Oscar nominee ‘La La Land’ loses to action flick ‘xXx’ in China

By Wei Xi Source:Global Times Published: 2017/2/20 18:18:39

Promotional material for  xXx: The Return of Xander Cage Photo: IC

Promotional material for Sing Photo: IC


Promotional material for La La Land Photo: IC

Looking for a film to export to China? It seems action films are still your best choice.

The third week of February saw two acclaimed Hollywood films enter the Chinese market - Golden Globe winner and Oscar nominated musical romantic comedy La La Land premiered on Valentines' Day while animated box-office hit Sing released on Friday. However, neither film was able to beat out action flick xXx: The Return of Xander Cage, which arrived in Chinese mainland cinemas on February 10.

Despite lukewarm reviews, xXx has dominated the mainland theaters for the past two weekends. Even the arrival of the critically acclaimed La La Land was unable to put a dent in the film's momentum. While La La Land earned 69.32 million yuan ($10.1 million) on its opening day on February 14, that was 92 million yuan less than the 161.44 xXx made that day. Moving on to the weekend, La La Land pulled in 58.9, while xXx earned a total of 181.27 million yuan, its second weekend. Sing's situation wasn't much different. While the film grossed $266 million in North America last year, it only earned 81.48 million yuan its opening weekend in the Chinese mainland

Typical Hollywood

La La Land is without a doubt one of the most critically acclaimed films of 2016. It won seven awards at the Golden Globes, including Best Musical or Comedy, and has 14 nominations for the upcoming Oscars. With such acclaim attached to the film, Chinese filmgoers were naturally excited about the film... until they saw it. 

"I was full of anticipation when I went to see the film, and yet I felt more dissatisfied than happy after watching it," Teng Jingshu, a Chinese film critic, wrote on Sina Weibo on Thursday.

"It was a plain musical with a routine romance story… I wonder why it went viral before. I was not moved nor did I see anything special about it… Certainly the lead actor and actress worked hard, but that's all…"

In line with Teng's review, many moviegoers were disappointed that the film depicted a typical love story with no novelty. Others however also tore into the film due to the values it represented.

Concluding that La La Land is a "silver screen textbook example of Hollywood success," blog DeepFocus wrote that though on the surface one of the main characters dreams of becoming a dancer while the other wants to run a nightclub, deep down what they really want is "to gain dignity by acquiring the approval of others" and "to have the right to act willfully and reach a social status where others can not boss them around."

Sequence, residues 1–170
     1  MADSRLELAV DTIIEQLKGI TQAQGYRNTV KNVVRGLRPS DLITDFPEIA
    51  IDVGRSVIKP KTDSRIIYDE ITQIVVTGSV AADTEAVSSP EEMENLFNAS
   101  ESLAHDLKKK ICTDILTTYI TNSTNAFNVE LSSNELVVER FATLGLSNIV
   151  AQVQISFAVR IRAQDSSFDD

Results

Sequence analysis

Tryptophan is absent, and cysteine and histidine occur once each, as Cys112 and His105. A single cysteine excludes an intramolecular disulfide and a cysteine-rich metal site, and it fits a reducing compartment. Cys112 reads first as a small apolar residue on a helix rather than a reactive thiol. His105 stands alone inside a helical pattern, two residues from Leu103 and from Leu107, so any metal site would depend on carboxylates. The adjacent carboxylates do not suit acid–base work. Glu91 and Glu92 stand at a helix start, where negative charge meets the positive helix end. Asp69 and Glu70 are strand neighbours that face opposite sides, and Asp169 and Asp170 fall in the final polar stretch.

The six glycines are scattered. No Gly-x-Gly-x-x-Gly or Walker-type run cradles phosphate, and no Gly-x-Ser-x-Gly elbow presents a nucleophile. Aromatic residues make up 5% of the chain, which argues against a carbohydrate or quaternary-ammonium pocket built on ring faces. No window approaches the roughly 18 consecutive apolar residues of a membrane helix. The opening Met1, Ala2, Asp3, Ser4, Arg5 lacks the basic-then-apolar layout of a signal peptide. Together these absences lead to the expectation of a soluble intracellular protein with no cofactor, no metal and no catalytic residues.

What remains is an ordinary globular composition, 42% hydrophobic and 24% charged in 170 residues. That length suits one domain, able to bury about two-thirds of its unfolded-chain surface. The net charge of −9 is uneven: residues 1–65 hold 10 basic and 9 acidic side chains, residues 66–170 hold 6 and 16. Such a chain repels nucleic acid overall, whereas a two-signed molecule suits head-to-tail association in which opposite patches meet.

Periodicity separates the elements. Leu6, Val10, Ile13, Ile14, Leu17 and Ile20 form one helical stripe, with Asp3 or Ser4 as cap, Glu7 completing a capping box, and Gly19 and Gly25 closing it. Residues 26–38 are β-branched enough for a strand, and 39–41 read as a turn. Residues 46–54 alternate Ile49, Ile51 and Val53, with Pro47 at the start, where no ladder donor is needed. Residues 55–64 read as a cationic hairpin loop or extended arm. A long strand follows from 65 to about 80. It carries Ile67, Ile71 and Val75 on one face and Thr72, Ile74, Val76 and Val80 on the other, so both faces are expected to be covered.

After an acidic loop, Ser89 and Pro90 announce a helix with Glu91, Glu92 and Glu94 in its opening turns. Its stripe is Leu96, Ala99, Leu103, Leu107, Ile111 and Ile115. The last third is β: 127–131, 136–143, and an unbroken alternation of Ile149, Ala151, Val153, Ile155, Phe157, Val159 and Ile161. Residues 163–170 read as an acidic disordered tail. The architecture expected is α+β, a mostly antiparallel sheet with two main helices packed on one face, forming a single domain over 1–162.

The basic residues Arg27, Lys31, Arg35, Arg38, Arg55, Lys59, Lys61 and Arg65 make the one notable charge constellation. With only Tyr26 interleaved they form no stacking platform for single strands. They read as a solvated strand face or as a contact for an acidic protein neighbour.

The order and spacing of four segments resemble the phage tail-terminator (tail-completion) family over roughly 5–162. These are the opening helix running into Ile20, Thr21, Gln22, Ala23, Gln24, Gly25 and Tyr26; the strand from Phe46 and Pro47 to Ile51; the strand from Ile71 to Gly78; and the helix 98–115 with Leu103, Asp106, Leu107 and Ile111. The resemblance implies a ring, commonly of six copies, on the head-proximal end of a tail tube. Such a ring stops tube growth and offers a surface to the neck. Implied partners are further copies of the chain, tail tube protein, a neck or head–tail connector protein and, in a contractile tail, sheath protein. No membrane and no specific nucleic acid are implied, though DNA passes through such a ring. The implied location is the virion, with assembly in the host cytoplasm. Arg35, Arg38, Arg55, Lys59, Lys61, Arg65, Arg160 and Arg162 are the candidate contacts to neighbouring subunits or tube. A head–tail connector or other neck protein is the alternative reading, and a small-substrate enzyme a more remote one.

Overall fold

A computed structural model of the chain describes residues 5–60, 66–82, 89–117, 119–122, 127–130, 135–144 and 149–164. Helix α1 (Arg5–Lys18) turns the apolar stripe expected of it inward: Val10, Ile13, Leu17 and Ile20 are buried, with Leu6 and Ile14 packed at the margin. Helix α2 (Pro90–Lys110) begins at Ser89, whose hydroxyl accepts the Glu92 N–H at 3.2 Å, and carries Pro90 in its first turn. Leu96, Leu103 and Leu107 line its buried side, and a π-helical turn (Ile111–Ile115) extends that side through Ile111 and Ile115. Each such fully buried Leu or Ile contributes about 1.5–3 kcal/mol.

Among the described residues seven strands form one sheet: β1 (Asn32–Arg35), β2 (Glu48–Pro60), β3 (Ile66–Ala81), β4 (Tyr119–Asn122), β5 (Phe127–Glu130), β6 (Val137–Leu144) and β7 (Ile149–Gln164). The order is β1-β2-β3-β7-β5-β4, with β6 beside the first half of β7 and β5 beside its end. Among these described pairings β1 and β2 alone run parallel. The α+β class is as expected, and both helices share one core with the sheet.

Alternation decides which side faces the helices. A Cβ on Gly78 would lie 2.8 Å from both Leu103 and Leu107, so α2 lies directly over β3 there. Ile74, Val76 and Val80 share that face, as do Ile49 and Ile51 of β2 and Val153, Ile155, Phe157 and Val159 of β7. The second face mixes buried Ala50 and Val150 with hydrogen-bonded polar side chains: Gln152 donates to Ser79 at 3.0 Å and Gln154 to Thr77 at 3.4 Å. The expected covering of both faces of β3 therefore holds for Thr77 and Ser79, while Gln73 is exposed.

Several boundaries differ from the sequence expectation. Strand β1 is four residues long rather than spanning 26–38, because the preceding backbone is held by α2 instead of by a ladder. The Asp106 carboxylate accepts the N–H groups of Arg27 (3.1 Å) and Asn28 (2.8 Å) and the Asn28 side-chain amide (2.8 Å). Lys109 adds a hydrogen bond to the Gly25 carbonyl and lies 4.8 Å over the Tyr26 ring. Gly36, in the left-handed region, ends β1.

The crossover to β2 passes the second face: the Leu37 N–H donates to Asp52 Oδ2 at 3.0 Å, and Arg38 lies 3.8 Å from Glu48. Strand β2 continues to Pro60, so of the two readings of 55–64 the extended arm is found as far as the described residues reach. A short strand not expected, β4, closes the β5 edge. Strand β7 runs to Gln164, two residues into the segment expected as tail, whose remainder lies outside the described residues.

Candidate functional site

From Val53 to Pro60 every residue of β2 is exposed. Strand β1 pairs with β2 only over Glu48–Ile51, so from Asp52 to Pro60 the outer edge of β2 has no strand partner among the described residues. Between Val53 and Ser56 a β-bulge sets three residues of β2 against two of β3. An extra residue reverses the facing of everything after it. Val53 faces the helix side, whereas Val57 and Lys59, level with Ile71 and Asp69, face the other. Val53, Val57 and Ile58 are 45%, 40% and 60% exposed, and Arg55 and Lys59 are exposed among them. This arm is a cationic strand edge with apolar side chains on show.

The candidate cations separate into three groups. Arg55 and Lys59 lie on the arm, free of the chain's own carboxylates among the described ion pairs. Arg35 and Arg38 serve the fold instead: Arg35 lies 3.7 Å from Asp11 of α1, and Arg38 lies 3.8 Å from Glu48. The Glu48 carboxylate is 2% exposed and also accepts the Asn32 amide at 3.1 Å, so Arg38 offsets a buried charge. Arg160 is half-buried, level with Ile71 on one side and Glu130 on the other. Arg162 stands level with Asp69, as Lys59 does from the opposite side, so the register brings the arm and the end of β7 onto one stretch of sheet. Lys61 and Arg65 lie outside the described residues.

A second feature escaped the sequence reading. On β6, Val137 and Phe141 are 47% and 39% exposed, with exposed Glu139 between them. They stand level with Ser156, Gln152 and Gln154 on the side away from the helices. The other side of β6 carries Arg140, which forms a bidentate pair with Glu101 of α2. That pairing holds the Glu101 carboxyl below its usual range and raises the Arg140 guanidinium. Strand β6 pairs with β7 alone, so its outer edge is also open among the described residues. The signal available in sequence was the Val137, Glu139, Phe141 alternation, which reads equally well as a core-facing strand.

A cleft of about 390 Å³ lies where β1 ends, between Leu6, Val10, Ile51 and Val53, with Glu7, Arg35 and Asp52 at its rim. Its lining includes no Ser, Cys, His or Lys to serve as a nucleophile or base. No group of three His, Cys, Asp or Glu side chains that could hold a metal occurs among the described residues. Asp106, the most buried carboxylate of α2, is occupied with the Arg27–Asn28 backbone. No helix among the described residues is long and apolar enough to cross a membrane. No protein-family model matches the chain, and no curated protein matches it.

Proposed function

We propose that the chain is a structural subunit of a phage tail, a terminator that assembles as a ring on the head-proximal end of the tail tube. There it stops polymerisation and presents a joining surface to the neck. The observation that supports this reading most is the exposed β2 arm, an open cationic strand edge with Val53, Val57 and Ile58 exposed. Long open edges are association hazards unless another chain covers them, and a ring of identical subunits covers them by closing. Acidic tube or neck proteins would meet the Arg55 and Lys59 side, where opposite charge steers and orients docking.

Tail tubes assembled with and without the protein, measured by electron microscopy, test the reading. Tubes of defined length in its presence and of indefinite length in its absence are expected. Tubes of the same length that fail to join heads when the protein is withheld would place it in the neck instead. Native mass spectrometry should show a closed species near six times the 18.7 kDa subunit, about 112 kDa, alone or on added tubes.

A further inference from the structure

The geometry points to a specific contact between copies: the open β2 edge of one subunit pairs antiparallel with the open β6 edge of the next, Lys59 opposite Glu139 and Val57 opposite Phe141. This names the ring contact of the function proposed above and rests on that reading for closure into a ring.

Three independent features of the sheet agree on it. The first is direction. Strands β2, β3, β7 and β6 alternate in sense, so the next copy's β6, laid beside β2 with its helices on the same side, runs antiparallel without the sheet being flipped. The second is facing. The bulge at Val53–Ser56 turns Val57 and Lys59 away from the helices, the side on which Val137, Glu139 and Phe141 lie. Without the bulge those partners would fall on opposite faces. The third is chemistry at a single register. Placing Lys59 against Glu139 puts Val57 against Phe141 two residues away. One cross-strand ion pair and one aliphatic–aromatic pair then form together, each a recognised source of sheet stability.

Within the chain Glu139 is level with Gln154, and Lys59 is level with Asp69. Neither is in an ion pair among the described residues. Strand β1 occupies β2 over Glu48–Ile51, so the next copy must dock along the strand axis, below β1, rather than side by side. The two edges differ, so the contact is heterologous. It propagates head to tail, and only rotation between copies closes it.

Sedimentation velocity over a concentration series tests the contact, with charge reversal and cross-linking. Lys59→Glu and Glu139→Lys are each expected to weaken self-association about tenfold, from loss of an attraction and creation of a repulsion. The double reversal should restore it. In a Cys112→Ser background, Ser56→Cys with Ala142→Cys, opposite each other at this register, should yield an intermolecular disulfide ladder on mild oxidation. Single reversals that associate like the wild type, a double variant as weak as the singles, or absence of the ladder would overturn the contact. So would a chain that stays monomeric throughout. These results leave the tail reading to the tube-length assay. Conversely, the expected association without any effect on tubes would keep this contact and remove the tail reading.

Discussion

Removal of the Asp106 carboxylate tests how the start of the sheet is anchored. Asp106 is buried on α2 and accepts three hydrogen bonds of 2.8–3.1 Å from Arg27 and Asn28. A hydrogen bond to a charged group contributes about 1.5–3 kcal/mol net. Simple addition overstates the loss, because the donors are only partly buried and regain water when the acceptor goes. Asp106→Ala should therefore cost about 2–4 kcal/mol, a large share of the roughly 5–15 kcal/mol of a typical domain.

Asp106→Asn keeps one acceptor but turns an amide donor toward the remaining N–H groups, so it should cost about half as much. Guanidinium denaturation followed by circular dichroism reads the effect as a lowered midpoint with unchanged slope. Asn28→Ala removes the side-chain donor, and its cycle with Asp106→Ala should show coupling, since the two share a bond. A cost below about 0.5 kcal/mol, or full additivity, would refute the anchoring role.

Pointing to famous Hollywood musical Singin' in the Rain, DeepFocus pointed out that "dignity" has a special meaning in Hollywood, which is "the great satisfaction one has after going from a nobody to becoming the center of attention."

"Maybe the true value of La La Land lies in that the film is so close to reality, especially for the US, that we may one day see it as a funny and accurate pop culture footnote of the Donald Trump era."

Singing for supper

Currently holding an 8.0/10 on Chinese movie site Mtime and an 8.3/10 on media review site Douban, Sing opened with rather small box-office numbers -  14.74 million yuan - to come in at third after La La Land. Yet, unlike most films whose box office often goes down over time, Sing earned more following on the two days after its opening - 34.94 million yuan on Saturday and 31.80 million yuan on Sunday.

"Not bad, heart warming," netizen Egg Zai wrote on Mtime on Sunday. "To be honest, I almost cried when Johnny's father escaped from behind bars to see his son's performance. A very inspirational film, worth watching."

However, compared with xXx's more than 50 million yuan average daily earnings, the newly released animated film still lags behind the older champion.

"I would definitely choose xXx over the others if I just saw their titles and didn't know much about them information," Zhang Zhi, a filmgoer in Beijing, told the Global Times.

"The Chinese translation for this film's title is far more eye-catching than the others."

Just like Zhang, a large number of Chinese go to cinemas without knowing much about the films showing, as such the first impression a title gives can have a huge impact.

Additionally, while the mainland's third- and fourth-tier cities are increasingly contributing larger box-office percentages, promotional activities are still often limited to first- and second-tier cities, as such choosing a film based largely on its title is still a frequent occurrence.

Newspaper headline: Action not words

Posted in: FILM

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